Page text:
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Pablo Picasso at Prado Museum 2015

Understanding Picasso

“Every child is an artist. The problem is how to remain an artist once we grow up.” Pablo Picasso

Understanding Picasso

This is one of my favorite art quotes because I truly believe there’s child inside of each of us and each child is an artist. Unfortunately from the moment we arrive in this world we’re put in chains. Mental barriers built for thousands of years by our civilised society. Therefore our parents, family, friends, teachers and the entire system play roles in adding more and more chains on the brain.

As an artist is a perpetual struggle to break free from these metal limitations.

Chains on the brain, such a powerful metaphor! Reminds me of my dear friend artist and author David Goff.

Going back to Picasso, he is one of the most controversial artists of 20th century. And interestingly, the 20th century artist that I had the pleasure to “connect” with via the highest number of original paintings that I’ve seen so far.

From all past exhibits, art auctions, and museums collections I’ve seen, one by far was the most intriguing to me: a selection from the 300 works by Pablo Picasso housed at the Kunstmuseum Basel, exhibited at the Prado museum in Madrid, from 18 March to 13 September, 2015. The exhibition presented ten paintings realized by Picasso between 1906 and 1967, side by side with other European painting masterpieces exposed in Prado’s central gallery.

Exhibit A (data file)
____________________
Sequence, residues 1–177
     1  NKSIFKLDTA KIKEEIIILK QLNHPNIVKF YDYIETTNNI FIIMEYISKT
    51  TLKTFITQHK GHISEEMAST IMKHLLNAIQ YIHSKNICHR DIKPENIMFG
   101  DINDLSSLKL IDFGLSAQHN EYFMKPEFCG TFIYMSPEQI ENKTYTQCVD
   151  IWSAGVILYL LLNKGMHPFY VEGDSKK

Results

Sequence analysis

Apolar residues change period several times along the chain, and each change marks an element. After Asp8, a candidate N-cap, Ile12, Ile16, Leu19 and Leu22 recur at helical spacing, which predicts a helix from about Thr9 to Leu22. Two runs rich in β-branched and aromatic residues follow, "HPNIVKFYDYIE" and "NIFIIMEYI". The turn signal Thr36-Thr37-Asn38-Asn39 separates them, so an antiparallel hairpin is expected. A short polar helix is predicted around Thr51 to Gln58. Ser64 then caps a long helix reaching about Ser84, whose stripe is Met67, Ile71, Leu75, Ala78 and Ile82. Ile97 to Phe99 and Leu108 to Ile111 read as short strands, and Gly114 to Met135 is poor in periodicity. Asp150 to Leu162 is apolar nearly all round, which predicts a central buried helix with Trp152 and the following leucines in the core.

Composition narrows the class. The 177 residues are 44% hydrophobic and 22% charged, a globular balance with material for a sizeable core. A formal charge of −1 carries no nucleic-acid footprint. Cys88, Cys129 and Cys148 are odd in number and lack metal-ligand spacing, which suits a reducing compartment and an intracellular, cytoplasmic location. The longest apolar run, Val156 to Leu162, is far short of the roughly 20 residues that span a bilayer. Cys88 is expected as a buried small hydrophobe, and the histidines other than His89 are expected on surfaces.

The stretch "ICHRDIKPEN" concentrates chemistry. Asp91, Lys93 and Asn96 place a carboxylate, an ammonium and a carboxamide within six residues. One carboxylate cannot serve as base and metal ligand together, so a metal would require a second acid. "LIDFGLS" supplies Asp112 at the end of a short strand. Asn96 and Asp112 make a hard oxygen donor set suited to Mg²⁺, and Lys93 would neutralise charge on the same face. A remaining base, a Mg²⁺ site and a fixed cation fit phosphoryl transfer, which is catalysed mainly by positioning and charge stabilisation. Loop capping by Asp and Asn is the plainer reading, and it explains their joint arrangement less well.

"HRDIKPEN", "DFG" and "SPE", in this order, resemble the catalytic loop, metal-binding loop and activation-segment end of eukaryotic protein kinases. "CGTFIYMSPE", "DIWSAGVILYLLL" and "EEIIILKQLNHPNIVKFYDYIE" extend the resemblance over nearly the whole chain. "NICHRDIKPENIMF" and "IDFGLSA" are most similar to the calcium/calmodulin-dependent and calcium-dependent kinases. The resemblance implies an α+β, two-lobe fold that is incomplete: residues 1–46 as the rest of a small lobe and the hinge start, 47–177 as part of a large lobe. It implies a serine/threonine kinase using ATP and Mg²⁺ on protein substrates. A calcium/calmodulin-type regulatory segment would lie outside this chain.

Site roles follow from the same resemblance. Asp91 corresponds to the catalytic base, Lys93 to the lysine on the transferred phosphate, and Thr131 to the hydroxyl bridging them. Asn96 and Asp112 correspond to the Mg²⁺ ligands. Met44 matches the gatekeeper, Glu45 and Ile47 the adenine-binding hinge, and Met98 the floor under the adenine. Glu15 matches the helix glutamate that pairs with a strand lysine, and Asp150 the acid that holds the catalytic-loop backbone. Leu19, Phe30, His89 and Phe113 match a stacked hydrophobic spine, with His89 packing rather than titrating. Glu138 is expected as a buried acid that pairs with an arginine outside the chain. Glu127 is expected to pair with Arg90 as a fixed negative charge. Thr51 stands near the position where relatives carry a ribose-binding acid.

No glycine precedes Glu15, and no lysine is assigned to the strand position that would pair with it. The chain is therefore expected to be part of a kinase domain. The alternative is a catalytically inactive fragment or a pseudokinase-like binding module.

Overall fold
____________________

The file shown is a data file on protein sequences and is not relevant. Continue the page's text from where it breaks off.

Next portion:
I was so privileged to be there and see originals such as:

Bread and Fruit Dish with Fruit on a Table (1908–9)
Girls on the Banks of the Seine, after Courbet (1950)
Woman with Hat seated in Armchair (1941–42)
Aficionado (1912)
Woman with a Guitar (1913)
Two Sisters (1906)
Sated Harlequin (1923)
Man, Woman and Child (1906)
Venus and Love (1967)
The Couple (1967)

On top of that,  visiting Reina Sofia National Museum and its “piece de resistance” Guernica (painted by Picasso in 1937 and acquired by the government of the Spanish Republic the same year) , along with other Picasso artworks, was the moment when I finally understood Picasso.

Now, I know his art is about the struggle to convey within the chaos of 20th century reality, a manifest against war, loss and human suffering. And from another angle, a critical autoportrait against male dominance. The mythical minotaur raging to come alive not only in paintings, but in the day by day life too.

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